McWilliams' opponents sought deadlock in ABA voting


It took 8 1/2 hours and an unprecedented 88 ballots to nominate Baltimore lawyer J. Michael McWilliams as president-elect of the American Bar Association because some ABA members wanted a stalemate, the lawyer who represented Maryland in the voting said yesterday.

Mr. McWilliams, who received the nomination Tuesday at the ABA's midyear meeting in Seattle, fought a three-way battle for the leadership of the 380,000-member organization with Allen E. Brennecke of Marshalltown, Iowa, and Roberta Cooper Ramo of Albuquerque, N.M.

Ms. Ramo, who would have been the first woman nominated as president-elect of the 112-year-old lawyers' organization, "had a hard core of supporters," said Herbert J. Belgrad, Maryland's delegate to the 61-member nominating committee.

Supporters of Ms. Ramo "decided they would have a better chance of victory in the House of Delegates," which votes on the nomination at the ABA's annual meeting in August in Atlanta, "so their strategy was to block anybody else from obtaining a majority," Mr. Belgrad said.

The nominating committee includes only one delegate from each of the 50 states, Puerto Rico and 10 ABA sections, Mr. Belgrad said. The committee votes on the nomination by written ballot behind closed doors.

State delegate strength in the House of Delegates, however, is based on the number of ABA members in each state.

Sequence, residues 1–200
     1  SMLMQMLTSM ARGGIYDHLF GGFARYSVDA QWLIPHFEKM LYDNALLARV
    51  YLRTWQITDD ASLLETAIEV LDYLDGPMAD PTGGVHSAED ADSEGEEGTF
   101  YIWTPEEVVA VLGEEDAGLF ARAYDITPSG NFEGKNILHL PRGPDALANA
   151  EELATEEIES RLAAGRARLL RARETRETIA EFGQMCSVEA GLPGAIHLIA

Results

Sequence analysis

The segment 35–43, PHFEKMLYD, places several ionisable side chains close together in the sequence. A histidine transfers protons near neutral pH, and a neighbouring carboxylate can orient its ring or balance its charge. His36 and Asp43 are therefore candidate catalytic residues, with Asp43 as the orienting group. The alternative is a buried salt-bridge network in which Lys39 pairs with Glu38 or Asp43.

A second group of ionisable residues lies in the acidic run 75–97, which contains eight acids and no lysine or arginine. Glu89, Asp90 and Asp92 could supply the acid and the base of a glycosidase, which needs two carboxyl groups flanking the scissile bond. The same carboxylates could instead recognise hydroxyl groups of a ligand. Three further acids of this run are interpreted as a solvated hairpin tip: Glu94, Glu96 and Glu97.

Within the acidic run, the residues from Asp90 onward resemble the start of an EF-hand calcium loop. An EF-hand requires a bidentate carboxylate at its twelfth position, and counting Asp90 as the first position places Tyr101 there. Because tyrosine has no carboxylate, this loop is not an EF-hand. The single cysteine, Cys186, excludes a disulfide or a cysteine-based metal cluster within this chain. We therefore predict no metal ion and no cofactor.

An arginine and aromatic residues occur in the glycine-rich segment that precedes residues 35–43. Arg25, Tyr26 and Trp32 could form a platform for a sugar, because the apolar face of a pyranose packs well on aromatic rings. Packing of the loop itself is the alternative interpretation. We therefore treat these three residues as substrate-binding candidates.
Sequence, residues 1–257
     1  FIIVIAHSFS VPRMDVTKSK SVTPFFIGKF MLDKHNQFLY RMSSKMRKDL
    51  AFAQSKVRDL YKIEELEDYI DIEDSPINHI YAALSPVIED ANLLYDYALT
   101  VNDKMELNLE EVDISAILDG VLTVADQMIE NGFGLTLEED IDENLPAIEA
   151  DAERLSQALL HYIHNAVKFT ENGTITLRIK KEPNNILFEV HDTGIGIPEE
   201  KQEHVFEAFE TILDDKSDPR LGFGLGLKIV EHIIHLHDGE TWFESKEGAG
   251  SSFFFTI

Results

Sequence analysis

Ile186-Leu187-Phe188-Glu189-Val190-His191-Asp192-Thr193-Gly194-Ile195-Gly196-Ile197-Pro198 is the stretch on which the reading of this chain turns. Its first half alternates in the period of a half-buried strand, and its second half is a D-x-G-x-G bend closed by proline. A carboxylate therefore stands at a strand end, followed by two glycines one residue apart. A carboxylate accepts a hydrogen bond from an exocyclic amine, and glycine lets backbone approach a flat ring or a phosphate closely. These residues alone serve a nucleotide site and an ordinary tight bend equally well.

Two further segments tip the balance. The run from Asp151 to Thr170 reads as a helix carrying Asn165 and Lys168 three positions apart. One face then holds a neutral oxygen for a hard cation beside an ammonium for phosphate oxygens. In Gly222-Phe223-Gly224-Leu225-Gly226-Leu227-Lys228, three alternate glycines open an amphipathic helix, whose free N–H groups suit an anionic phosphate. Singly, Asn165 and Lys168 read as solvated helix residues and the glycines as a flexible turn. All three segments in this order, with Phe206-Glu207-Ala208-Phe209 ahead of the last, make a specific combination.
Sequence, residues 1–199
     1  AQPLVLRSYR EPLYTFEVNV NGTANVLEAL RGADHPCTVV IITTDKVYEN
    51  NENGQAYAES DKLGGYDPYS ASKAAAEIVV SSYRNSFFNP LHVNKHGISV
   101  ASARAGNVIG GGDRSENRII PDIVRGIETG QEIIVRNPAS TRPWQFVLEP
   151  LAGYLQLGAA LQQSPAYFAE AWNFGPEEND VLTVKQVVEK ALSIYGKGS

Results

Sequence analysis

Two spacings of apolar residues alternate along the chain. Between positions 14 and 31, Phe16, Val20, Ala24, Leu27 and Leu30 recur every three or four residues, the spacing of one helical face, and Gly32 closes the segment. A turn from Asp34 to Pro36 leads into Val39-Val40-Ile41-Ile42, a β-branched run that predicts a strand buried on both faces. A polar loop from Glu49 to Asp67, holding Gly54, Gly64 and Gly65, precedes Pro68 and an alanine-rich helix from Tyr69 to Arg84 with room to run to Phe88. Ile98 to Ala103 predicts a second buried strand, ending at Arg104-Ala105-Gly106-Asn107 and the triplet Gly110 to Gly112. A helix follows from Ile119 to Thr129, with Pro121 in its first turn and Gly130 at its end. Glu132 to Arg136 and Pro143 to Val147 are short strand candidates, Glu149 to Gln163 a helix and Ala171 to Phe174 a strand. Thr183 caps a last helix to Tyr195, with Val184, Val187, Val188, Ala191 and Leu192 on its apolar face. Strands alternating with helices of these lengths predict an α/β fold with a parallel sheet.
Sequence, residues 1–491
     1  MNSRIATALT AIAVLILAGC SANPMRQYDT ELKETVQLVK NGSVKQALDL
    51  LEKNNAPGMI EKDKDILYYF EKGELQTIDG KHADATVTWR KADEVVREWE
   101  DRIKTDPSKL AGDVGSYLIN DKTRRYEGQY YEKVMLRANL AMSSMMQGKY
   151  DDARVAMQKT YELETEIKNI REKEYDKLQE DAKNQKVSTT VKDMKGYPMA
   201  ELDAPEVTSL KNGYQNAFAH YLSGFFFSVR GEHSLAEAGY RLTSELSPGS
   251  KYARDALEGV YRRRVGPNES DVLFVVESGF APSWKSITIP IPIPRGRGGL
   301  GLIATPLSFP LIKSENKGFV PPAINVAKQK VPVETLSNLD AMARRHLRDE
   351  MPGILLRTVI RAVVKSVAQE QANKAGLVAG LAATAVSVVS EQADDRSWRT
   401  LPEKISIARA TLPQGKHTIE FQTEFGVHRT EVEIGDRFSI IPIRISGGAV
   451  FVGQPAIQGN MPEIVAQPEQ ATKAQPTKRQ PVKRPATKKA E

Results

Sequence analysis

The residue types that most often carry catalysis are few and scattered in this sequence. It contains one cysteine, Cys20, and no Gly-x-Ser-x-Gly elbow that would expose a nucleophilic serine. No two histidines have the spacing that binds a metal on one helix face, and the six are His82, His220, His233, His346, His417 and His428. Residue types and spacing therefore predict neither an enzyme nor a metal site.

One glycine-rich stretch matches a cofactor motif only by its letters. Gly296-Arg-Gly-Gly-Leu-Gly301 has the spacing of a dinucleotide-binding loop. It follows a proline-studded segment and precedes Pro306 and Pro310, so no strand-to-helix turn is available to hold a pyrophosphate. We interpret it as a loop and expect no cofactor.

Ms. Ramo's supporters hoped that by throwing the nomination to the House that large delegations from California, New York and other populous states might carry the day, Mr. Belgrad added.

Mr. Belgrad said that Mr. McWilliams was within five to six votes of winning on each ballot and that the final tally was 31 for Mr. McWilliams, 20 for Mr. Brennecke and nine for Ms. Ramo with one delegate absent.

Mr. McWilliams, a former president of the Maryland State Bar Association and campaign manager for former Gov. Harry Hughes, has held a number of significant positions in the ABA, including that of chairman of the House of Delegates, the organization's legislative body.

Mr. Brennecke, another ABA insider, also was chairman of the House of Delegates.

In contrast, the highest post Ms. Ramo has held within the ABA has been chairmanship of the Economics of Law Practice section.

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